16. Robert C. Merton, 1983. "On the Role of Social Security as a Means for Efficient Risk Sharing in an Economy Where Human Capital Is Not Tradable," NBER Chapters, in: Financial Aspects of the United States Pension System, pages 325-358 National Bureau of Economic Research, Inc.
  17. Holger Bonin, 2001. "Will it Last? An Assessment of the 2001 German Pension Reform," The Geneva Papers on Risk and Insurance - Issues and Practice, Palgrave Macmillan, vol. 26(4), pages 547-564, October.
  18. Menezes, C F & Hanson, D L, 1970. "On the Theory of Risk Aversion," International Economic Review, Department of Economics, University of Pennsylvania and Osaka University Institute of Social and Economic Research Association, vol. 11(3), pages 481-87, October.
  19. Hettich, Walter & Winer, Stanley L, 1988. "Economic and Political Foundations of Tax Structure," American Economic Review, American Economic Association, vol. 78(4), pages 701-12, September.
  20. Browning, Edgar K, 1975. "Why the Social Insurance Budget Is Too Large in a Democracy," Economic Inquiry, Western Economic Association International, vol. 13(3), pages 373-88, September.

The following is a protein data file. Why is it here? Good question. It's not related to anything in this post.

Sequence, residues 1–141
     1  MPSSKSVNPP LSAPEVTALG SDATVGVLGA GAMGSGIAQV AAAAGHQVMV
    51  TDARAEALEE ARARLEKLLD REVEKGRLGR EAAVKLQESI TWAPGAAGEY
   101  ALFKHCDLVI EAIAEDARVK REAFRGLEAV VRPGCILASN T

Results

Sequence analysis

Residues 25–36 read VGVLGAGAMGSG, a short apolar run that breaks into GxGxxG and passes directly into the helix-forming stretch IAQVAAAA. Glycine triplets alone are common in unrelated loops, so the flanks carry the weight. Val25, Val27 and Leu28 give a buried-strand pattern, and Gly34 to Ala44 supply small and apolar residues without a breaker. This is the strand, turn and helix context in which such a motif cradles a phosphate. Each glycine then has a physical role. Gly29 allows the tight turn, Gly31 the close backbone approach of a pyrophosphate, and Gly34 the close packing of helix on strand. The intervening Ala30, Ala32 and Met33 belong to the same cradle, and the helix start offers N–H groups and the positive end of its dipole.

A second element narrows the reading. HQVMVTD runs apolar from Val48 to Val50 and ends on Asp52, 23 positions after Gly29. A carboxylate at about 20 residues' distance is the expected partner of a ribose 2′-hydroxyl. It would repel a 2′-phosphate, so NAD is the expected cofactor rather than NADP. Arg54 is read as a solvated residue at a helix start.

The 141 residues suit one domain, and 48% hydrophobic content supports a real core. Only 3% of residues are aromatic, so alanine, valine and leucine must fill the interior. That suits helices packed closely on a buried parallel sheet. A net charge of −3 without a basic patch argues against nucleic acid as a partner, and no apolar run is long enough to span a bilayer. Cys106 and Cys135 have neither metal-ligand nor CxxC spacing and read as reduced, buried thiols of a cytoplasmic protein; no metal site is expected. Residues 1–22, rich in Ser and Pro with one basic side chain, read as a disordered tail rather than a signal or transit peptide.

21. ûystein ThÛgersen, 1998. "A note on intergenerational risk sharing and the design of pay-as-you-go pension programs," Journal of Population Economics, Springer, vol. 11(3), pages 373-378.
  22. Dutta, Jayasri & Kapur, Sandeep & Orszag, J. Michael, 2000. "A portfolio approach to the optimal funding of pensions," Economics Letters, Elsevier, vol. 69(2), pages 201-206, November.
  23. Harrie Verbon & Marijn Verhoeven, 1992. "Decision making on pension schemes under rational expectations," Journal of Economics, Springer, vol. 56(1), pages 71-97, February.
  24. Miles S. Kimball, 1989. "Precautionary Saving in the Small and in the Large," NBER Working Papers 2848, National Bureau of Economic Research, Inc.